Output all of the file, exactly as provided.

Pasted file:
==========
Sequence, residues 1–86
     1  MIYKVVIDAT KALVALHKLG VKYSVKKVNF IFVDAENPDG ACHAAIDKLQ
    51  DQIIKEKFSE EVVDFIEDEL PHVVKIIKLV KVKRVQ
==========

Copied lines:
Sequence, residues 1–86
     1  MIYKVVIDAT KALVALHKLG VKYSVKKVNF IFVDAENPDG ACHAAIDKLQ
    51  DQIIKEKFSE EVVDFIEDEL PHVVKIIKLV KVKRVQ